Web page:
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despatch Station, June 8.
The First and Fourth divisions of the Fifth corps reached here this morning. It was three o'clock A. M. when the men began the march. When day dawned, the rebels on the south side of the Chickahominy observed the moving column, and opened on it with two guns of very heavy calibre. Several men were injured while marching in the ranks.

Colonel Hoffman's brigade, of the Fourth division, immediately took possession of this side of the railroad bridge. A barricade was thrown across the railroad about half a mile below this station. Between us and the rebels flows the Chickahominy, a sinuous, sluggish stream, bounded on either side by jungles and morasses, from which is continually arising unwholesome dampness, and noxious vapors. At this point the stream is not more than one hundred yards in width; the bridge is three times as long.

All the track is in excellent running order. A little rusty from long disuse, but still quite complete, with switches and side-tracks in good repair. During the afternoon the rebels mounted a heavy piece of ordnance upon a truck, and approached within a short distance of the bridge. They threw some six-inch shell over our men, which elicited considerable criticism from those happening to make narrow escapes.

Rifle-pits were dug, and along line of fortifications begun. For a time the skirmishers were friendly, and conversed with each other, across the river. Before dark they were using every species of finesse to cause each other to expose their bodies to be shot.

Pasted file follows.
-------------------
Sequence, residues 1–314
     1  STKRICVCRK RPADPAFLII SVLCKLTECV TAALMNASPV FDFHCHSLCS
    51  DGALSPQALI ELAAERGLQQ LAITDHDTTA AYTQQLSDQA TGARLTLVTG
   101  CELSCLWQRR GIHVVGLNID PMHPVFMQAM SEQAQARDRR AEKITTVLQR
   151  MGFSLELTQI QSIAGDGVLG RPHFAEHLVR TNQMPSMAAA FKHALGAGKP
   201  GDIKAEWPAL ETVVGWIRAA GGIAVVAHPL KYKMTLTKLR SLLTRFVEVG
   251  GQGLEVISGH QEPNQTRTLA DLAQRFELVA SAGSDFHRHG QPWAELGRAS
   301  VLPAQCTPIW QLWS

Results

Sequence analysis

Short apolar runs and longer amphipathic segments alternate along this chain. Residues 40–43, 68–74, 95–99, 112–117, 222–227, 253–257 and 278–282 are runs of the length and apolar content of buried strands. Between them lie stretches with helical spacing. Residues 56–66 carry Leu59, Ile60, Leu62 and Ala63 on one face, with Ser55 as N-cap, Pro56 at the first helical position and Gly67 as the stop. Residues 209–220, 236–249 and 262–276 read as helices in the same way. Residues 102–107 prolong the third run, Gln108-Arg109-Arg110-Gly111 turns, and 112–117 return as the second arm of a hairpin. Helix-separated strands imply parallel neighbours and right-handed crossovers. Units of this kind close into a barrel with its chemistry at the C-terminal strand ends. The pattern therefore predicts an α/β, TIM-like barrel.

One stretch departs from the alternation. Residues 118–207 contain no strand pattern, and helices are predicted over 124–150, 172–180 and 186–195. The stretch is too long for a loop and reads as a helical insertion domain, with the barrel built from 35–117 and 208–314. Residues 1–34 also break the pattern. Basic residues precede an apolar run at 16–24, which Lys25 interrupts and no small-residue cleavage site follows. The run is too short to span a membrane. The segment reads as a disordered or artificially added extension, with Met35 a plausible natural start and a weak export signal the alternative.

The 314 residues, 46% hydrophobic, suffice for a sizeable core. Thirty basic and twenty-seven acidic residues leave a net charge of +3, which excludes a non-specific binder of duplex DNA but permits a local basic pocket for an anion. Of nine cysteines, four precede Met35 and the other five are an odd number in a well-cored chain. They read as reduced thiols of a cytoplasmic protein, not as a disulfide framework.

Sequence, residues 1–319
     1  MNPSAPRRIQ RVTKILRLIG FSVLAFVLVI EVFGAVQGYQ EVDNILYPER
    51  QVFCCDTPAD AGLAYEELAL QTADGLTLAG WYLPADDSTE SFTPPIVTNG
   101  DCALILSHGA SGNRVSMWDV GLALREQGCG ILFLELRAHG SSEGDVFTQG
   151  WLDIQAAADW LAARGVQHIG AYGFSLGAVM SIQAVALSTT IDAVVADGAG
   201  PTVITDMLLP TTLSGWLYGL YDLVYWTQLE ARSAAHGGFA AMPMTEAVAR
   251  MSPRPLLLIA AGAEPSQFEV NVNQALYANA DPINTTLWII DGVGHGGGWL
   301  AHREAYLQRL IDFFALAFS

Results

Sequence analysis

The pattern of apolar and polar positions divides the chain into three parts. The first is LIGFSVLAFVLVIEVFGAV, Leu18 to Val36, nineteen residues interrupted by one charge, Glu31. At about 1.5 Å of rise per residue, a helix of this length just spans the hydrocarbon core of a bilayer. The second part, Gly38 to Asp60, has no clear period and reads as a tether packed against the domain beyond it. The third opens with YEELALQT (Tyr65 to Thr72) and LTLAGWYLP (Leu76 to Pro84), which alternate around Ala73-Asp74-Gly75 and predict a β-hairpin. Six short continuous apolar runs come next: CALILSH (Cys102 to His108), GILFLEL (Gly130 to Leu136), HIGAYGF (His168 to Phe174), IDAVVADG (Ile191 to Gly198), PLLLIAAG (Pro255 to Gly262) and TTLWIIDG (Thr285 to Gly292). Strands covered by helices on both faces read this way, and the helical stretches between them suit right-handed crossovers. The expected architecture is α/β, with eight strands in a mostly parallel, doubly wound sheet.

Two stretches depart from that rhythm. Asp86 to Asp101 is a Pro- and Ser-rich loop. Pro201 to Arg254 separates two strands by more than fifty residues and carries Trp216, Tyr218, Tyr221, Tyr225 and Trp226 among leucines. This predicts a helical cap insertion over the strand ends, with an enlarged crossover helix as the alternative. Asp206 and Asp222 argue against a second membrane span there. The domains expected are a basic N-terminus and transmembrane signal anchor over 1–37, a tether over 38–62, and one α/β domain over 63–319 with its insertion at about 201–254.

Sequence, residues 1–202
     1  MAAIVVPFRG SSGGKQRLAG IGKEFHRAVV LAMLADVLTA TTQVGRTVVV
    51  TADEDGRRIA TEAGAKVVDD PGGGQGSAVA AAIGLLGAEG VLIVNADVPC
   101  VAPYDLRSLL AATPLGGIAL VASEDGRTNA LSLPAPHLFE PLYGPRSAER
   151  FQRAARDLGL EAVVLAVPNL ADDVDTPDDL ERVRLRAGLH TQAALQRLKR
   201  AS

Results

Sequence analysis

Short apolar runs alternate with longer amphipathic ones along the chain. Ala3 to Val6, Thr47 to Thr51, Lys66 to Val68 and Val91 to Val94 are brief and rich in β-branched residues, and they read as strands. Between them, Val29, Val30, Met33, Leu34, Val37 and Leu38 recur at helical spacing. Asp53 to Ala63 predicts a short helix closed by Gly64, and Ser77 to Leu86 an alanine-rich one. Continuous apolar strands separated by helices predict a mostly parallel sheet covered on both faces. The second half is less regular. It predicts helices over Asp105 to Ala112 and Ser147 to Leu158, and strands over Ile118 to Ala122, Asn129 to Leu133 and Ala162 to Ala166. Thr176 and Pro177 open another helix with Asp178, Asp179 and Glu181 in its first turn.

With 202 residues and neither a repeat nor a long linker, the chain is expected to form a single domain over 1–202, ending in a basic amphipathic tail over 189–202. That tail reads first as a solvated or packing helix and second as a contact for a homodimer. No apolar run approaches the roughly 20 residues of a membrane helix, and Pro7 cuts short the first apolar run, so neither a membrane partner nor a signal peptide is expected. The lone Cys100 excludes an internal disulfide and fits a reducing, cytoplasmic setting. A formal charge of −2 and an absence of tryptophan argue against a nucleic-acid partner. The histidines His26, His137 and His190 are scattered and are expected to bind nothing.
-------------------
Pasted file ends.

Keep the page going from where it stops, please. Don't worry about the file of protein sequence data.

Few of our peaceful readers imagine how skilful and inventive a successful sharpshooter must be ere he enters the rifle-pit, which may prove his grave. It is not enough that he be an excellent marksman. Your good sharpshooter is always a fine strategist In front of the Second corps, Barlow's division, I believe, is a rebel battery. Our fortified skirmish line is within a few rods of the enemy's intrenchments. This battery for some days annoyed us exceedingly. Throughout the entire day shell after shell would be dropped among the troops in reserve. Shells are noisy missiles. They seldom effect great damage, unless used upon heavy masses within easy range.

A screaming shell is little more than a moral effect. I have known a brigade of infantry to be concealed in the woods, while the rebel shells appeared to burst with wonderful precision in their very midst. Scarcely a man would be hit. Upon new troops the effect is terrifying. There is no man, however brave or courageous, but will wince and shrink when he listens, for the first time, to the bursting of shells. One soon gets accustomed to them, and an old soldier [565] will calmly smoke his short pipe and speculate upon the chances of one bursting in some spot close by, which he has selected.

One morning the rebels around this battery discovered a small lunette immediately in front. It had grown up in a single night. Twenty men lay concealed in this small trench. They were but a few yards from the dark muzzles of those threatening cannon. The rebels attempt to work the guns. All efforts are futile. When a rebel shows his head a small jet of white smoke curls slowly above the small semi-circle where our men are concealed. The rebel falls. In this way we render the once formidable battery useless. During the day it is quiet; at night they use it freely.